Trust Me, I’m a Communicator
Oh, the hell with the Enlightenment project, you know? Screw all that stuff about education and rationality and informed consent and critical thinking. Nah. Too much trouble. We’ve got better things to do, we’ve got tv to watch and sports pages to read and an inner child to get in touch with. Don’t bother us with that rational argument and evidence and peer review crap. Just manipulate us, okay? Just make us feel good, make us feel empowered and participatory and noticed and brimfull of self-esteem, and we’ll do anything you want.
Research over the past decade has begun to question the central importance of knowledge in shaping public opinion about science. Instead of public education programs, argue some social scientists, we should be more concerned with public engagement strategies that get citizens directly involved in science policy-making, and that enhance public trust in science-as-an-institution.
Trust. That’s the ticket. And not reasonable, well-founded, justified trust, either. No, that’s sissy stuff, that’s for those pencil-neck geeks in the labs who actually want to understand what they’re trusting and agreeing to. Pedants! No, I just want to trust blindly, thanks, I want to trust anybody who opens the door and invites me to come in and doesn’t mind that I don’t understand one single word of what anyone is saying.
At least, that seems to be the thinking behind this bizarre article. Someone who is getting a PhD in communication wants us to know that public acceptance of science is all about communication (just as hammers want us to know that everything is all about nails). But this is communication of a certain kind, communication as hand-holding and inclusion, communication as rhetoric and public relations, rather than communication as education and elucidation and (cover your ears, children) enlightenment.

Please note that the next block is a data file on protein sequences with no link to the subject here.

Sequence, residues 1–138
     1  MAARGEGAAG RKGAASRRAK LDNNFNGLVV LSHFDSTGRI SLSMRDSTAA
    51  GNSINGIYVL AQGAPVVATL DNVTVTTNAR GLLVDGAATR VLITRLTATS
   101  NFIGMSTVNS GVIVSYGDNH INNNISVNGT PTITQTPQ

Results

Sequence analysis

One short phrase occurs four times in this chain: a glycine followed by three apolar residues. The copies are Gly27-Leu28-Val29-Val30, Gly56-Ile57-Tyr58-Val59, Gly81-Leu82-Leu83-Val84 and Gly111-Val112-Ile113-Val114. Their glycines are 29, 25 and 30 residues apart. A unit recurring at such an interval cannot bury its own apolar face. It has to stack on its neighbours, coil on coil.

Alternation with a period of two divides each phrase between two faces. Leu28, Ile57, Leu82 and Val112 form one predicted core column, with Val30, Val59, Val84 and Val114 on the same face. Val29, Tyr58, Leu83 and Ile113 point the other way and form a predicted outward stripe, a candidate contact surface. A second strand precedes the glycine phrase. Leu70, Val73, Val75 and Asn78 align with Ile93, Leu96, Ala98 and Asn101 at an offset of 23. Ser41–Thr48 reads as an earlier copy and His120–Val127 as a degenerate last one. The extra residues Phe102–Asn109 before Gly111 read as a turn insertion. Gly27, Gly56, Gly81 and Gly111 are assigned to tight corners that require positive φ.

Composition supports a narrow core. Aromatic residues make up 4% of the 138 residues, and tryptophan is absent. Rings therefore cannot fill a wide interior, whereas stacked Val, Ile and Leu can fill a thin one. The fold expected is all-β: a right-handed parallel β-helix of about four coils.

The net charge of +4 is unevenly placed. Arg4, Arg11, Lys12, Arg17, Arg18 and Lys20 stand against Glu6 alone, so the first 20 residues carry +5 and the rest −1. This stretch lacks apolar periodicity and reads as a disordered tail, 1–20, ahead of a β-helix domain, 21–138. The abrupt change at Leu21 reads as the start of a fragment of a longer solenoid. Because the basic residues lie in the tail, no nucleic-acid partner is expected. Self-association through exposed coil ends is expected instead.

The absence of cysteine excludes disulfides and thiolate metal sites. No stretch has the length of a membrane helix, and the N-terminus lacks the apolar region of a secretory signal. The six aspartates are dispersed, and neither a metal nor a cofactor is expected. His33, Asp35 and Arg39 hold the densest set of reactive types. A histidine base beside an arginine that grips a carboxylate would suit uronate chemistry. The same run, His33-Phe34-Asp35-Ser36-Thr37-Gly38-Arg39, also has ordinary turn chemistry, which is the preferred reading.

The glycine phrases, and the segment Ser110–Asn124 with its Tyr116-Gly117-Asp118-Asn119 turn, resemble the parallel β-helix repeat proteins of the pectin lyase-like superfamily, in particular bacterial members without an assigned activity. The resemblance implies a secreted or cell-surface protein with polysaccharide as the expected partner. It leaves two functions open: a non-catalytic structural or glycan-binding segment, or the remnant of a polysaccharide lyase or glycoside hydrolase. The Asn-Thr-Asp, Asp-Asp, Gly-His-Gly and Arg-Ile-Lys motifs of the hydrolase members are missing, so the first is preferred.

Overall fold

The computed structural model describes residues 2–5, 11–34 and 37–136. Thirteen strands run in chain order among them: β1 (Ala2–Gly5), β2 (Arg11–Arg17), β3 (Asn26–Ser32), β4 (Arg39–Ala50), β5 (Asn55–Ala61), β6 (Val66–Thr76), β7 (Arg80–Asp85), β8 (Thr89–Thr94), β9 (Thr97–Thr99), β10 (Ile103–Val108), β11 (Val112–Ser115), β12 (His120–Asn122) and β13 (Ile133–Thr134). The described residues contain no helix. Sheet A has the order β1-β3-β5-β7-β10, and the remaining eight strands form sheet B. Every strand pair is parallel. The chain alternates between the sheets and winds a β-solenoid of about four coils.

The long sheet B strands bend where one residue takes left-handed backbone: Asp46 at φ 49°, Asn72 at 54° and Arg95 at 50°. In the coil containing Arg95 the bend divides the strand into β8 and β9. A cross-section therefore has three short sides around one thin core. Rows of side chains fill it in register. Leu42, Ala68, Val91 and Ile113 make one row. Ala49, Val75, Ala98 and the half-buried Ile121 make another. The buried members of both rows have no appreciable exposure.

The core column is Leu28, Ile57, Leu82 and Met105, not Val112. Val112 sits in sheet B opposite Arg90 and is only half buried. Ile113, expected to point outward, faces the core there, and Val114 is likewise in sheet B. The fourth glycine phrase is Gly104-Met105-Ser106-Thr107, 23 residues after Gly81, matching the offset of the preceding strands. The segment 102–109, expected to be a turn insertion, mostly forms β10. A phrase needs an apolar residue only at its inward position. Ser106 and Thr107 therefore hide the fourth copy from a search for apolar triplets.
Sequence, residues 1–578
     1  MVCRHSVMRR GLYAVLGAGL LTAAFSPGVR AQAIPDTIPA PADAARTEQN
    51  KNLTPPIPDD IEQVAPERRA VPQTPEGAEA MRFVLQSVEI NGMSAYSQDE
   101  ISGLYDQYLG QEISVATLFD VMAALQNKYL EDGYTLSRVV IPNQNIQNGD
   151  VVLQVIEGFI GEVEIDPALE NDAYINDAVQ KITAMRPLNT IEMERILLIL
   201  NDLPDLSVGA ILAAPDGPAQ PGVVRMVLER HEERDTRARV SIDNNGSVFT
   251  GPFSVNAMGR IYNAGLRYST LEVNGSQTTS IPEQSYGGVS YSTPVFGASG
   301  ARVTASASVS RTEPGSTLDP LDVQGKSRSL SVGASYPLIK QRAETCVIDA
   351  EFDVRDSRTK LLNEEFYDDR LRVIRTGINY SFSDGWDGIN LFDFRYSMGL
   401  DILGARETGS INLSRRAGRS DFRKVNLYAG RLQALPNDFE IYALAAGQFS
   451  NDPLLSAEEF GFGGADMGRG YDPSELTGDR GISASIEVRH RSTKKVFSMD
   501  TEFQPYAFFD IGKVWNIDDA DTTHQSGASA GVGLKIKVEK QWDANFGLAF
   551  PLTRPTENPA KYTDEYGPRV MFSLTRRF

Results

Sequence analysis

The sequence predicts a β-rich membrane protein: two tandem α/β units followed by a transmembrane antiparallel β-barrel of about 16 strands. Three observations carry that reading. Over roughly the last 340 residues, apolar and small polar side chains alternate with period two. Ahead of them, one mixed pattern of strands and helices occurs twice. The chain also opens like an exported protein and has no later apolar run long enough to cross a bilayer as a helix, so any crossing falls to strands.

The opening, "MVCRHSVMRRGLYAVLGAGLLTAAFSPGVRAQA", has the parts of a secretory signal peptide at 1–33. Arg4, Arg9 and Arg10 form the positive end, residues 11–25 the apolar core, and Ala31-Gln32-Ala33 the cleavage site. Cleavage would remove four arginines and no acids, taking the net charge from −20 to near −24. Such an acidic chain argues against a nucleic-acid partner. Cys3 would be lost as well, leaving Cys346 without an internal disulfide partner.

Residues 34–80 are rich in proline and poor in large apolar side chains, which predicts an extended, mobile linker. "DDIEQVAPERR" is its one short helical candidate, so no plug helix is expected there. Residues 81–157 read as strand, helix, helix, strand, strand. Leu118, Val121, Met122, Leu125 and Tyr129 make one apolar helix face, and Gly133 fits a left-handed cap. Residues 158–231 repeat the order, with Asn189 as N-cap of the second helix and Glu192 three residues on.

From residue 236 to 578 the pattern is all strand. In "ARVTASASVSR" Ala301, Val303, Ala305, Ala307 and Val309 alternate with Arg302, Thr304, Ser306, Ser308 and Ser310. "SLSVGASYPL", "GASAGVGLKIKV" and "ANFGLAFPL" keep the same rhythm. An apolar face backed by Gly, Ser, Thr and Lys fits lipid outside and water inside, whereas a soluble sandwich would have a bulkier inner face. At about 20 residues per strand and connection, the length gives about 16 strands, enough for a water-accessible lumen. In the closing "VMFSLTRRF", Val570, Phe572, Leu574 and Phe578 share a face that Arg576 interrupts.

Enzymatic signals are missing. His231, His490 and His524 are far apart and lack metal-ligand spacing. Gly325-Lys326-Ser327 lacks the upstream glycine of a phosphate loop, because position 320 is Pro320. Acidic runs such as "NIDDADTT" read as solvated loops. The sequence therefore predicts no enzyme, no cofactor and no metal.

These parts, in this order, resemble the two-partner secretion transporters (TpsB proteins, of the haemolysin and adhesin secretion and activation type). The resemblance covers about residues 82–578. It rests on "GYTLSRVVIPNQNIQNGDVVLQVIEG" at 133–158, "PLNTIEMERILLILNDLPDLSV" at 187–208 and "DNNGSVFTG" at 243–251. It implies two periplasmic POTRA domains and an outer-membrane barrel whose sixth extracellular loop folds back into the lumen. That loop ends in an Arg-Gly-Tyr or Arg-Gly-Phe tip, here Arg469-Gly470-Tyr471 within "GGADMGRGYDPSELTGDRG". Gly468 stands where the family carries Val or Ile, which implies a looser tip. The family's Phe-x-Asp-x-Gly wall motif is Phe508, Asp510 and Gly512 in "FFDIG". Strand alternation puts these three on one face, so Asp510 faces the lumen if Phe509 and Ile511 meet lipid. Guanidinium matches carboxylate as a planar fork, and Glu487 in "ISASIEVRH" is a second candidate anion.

Many social scientists, for example, question the heavy emphasis on science literacy. Instead, these researchers insist that the scientific community has been too quick to blame the public. By “problematizing” the public, scientists assume too often that the science they produce is “unproblematic,” even though technologies such as genetic engineering raise a number of valid technical and moral concerns. As a result, when science knowledge and know-how is brought to bear in policy decisions or communicated to the public by scientists, the view from science is often privileged over differing public perspectives about the issue, thereby simply reinforcing any resistance. The “public engagement” perspective asserts that scientific institutions and scientists need to focus less on programs designed to inform the public about the facts of science, and should instead focus on programs that get citizens involved in science-related decision-making, with a goal of promoting public trust.
Okay, but if we’re going to blow off scientific literacy, how are all these ‘citizens’ going to know, how are they going to have the slightest clue, which technologies ‘raise a number of valid technical and moral concerns’ and just exactly what those concerns are and how they should be dealt with? How does ignorance help? Do we have some sort of in-born intuition about which technologies raise valid concerns and which don’t? If so, where does it come from, how does it operate, and above all, how accurate is it? Or are we just talking Yuk-factor again. Or to put it another way, is it really such a brilliant idea to ‘get citizens involved in science-related decision-making, with a goal of promoting public trust’ without educating those citizens first? Guess what! I don’t want ignorant ‘citizens’ – people like me, for example – making ‘science-related’ decisions, even if that heady taste of power does promote their trust. Let’s promote citizens’ trust in some other way. Maybe we could inscribe something about trust on the currency.
[Note: don’t be alarmed if this N and C looks oddly familiar. I first wrote it last month, and it’s one of the many that disappeared during our little server mishap last weekend. But I have a hard copy, so I just ploddingly typed it back in again, because it’s relevant to some matters I want to explore further.]